BLOG 05-AUSTRALIA AND THE AMERICAN CIVIL WAR
Whom could have imagined that in 1864, an island of six English Colonies the size of the United States, could have been drawn into a conflict half war around the world by one incident. The Australian Colonias were affected by the American Civil War economically. The Australian cotton crop became more important to England, which had lost its American sources, and it served as a supply base for Confederate Blockade Runners.
Australia became directly involved when the Confederate navy visited in order to repair one of their warships. This led to protests from the Union representative at Melbourne, while the citizenry of nearby Williamstown entertained the Confederates and some Australians joined the crew. Accounts disagree as to whether Australians generally favoured the Union or the Confederacy, as sorrowful demonstrations were held in Sydeney when news arrived of Abraham Lincoln's assassination.
Together, 140 Australians and New Zealanders were veterans of the American Civil War, 100 of whom were native-born. Some of these were originally Americans who came to Australia during the Victorian Gold Rush of the 1850s. Officers during the war included one who gave Tasmania its first telegraph service, and another officer who mined for gold in Ballarat, Victoria.
Confederate blockade runners occasionally obtained supplies there, despite a historic fear of possible naval attack by Americans, a fear rooted in the actions of American privateers during the War of 1812.
Possibilities of war between Russia and Britain
During the Civil War, the Union and Russia were allies against what they saw as their potential enemy, Britain. The Russian Blue Water Navy was stationed in San Francisco and from 1863 in New York—with sealed orders to attack British naval targets in case war broke out between the United States and Britain. This was threatened if Britain gave diplomatic recognition to the Confederacy.
The flagship of the Russian Pacific Squadron, Bogatyr under Rear Admiral Andrey Alexandrovich Popov, officially made a friendly visit to Melbourne in early 1863. According to information passed on to Australian authorities in June 1864, Rear Admiral A.A. Popov had in the first half of the year 1863 received orders and a plan of attack on the British naval ships positioned near the Australian shore. The plan also included shelling and destruction of the Melbourne, Sydney and Hobart coastal batteries.
The CSS Shenandoah, formerly Sea King, was an iron-framed, teak-planked, full-rigged ship, with auxiliary steam power, captained by Confederate States Navy Lieutenant Commander James Waddell, a North Carolinian with twenty years of prior service in the United States Navy.
The Shenandoah was launched as Sea King on August 17, 1863, and would become one of the most feared commerce raiders in the Confederate Navy. She surrendered on the River Mersey, Liverpool, England, on November 6, 1865. Her flag was the last sovereign Confederate flag to be officially furled.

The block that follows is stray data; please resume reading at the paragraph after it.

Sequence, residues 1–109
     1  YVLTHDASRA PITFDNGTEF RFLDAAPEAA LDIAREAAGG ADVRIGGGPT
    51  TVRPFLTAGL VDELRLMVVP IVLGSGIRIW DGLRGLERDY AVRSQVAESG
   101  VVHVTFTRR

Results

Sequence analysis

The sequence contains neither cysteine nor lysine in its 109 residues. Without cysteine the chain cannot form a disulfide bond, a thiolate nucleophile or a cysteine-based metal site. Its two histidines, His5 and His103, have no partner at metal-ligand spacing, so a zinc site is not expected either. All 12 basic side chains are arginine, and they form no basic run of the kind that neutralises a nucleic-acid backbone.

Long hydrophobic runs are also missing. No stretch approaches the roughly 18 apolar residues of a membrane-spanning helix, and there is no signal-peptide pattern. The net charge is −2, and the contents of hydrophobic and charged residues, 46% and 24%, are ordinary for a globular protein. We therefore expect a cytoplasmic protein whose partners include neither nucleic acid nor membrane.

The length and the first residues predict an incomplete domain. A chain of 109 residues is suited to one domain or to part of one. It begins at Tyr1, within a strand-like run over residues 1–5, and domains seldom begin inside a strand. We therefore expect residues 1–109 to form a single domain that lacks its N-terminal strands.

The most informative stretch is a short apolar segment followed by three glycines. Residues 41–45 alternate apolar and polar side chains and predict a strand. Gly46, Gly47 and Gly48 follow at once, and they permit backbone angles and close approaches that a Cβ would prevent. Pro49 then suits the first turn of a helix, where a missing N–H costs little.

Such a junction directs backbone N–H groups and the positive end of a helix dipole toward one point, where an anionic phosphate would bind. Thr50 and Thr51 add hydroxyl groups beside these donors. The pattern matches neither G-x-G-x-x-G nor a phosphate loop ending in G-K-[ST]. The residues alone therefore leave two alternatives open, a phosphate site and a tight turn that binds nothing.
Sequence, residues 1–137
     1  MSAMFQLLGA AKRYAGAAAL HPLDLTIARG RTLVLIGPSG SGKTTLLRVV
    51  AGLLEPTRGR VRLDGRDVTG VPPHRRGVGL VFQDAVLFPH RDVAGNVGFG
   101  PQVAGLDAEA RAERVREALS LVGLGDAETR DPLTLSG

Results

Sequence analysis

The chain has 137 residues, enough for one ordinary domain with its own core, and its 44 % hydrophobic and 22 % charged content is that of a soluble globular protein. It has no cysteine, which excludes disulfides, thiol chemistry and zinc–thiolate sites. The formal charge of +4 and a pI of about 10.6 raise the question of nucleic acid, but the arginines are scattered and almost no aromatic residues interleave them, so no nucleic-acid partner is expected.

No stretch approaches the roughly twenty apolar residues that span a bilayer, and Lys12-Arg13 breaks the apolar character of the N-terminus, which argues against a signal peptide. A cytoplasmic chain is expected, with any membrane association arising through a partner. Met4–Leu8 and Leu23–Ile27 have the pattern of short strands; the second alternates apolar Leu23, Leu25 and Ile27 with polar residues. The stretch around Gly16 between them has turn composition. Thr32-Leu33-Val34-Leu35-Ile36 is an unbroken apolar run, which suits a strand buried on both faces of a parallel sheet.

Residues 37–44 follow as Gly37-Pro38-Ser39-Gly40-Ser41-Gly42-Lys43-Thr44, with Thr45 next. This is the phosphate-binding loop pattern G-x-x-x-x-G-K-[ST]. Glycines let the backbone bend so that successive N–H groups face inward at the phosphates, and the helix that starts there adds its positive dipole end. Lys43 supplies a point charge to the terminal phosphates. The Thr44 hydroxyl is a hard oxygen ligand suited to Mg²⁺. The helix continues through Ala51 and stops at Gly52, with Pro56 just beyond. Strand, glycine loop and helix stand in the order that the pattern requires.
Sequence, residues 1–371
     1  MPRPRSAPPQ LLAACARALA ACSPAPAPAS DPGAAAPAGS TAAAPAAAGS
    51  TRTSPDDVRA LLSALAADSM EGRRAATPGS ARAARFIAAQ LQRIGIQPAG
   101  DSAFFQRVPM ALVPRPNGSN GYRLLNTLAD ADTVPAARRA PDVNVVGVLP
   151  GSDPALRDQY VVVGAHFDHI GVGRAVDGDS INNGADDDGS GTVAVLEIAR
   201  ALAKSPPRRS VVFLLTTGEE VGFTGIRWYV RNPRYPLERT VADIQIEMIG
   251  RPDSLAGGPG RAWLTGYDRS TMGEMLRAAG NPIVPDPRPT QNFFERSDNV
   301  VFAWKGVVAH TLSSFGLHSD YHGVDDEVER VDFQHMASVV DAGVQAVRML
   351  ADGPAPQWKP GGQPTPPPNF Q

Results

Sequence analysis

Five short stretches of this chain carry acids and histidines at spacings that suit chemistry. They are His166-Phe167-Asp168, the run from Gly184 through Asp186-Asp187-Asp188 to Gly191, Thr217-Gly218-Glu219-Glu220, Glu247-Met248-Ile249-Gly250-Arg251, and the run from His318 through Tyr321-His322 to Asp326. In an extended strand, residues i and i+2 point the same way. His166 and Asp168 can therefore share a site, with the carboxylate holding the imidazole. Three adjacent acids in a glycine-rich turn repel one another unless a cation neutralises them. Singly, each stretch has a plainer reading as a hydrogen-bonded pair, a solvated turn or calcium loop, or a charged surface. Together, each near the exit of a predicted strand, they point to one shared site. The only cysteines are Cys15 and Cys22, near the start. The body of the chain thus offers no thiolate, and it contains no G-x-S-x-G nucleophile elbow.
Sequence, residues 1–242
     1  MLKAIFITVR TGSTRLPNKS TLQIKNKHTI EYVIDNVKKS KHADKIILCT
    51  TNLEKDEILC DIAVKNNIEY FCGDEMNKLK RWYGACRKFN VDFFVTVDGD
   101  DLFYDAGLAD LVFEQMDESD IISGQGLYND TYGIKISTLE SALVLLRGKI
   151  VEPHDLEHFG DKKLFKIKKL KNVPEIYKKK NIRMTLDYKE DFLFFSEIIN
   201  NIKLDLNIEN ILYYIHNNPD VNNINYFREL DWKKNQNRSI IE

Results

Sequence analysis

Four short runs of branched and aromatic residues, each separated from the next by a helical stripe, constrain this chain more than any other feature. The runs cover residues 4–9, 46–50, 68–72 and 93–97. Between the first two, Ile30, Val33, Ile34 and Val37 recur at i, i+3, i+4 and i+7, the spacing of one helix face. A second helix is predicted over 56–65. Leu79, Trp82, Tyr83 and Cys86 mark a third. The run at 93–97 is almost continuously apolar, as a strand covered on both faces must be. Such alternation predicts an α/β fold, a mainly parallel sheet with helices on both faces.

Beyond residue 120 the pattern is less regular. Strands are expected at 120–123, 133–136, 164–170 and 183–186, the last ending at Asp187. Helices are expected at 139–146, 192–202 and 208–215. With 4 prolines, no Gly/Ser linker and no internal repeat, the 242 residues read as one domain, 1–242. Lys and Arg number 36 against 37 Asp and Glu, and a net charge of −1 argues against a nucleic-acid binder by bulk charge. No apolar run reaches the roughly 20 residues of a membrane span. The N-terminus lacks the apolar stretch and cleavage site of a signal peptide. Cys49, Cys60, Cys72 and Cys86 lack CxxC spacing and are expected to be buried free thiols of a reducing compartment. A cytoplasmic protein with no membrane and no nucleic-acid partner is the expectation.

During 12 1⁄2 months of 1864–1865 the ship undertook commerce raiding resulting in the capture and sinking or bonding of thirty-eight Union merchant vessels, mostly New Bedford whale-ships. The Shenandoah fired the last shot of the American Civil War, across the bow of a whaler in waters off the Aleutian Islands.
The vessel had three names and many owners in her lifetime of nine years. She had been designed as an auxiliary composite passenger cargo vessel of 1,018 tons being built in 1863 by Alexander Stephen & Sons, Glasgow, Scotland, for Robertson & Co., Glasgow to be named Sea King. The vessel was intended for the East Asia tea trade and as a troop transport. On being fitted out at the builders the Northern Union assessed the ship for purchase. After change of owner and a number trips to the Far East carrying cargo and to New Zealand transporting troops to the Maori War, the Confederate Navy assessed and purchased her from Wallace Bros of Liverpool in secret with the signing on 18 October 1864, one day before being renamed CSS Shenandoah. The ship was to be converted into an armed cruiser with a mission to capture and destroy Union merchant ships.
The Sea King sailed from London on 8 October 1864, ostensibly for Bombay, India, on a trading voyage. The supply steamer Laurel sailed from Liverpool the same day.
The two ships rendezvoused at Funchal, Madeira, with the Laurel carrying the officers and the nucleus of the commerce raider's crew, together with naval guns, ammunition, and ship's stores. Her commander, Lieutenant James Iredell Waddell supervised her conversion to a man-o-war in nearby waters. However, Waddell was barely able to bring his crew to even half strength, despite additional volunteers from the merchant sailors on the Sea King and from Laurel. The Confederate cruiser was commissioned on 19 October 1864, lowering the Union Jack and raising the "Stainless Banner", and renaming the vessel CSS Shenandoah. As developed in the Confederate Navy Department and developed by its agents in Europe, CSS Shenandoah was tasked to strike at the Union's economy and "seek out and utterly destroy" commerce in areas yet undisturbed. Captain Waddell began seeking enemy merchant ships on the Cape of Good Hope–Australia route and in the Pacific whaling fleet. Captain Waddell sailed her around the Cape of Good Hope of Africa and headed across the Indian Ocean for Australia, destroying Union vessels he encountered on the route.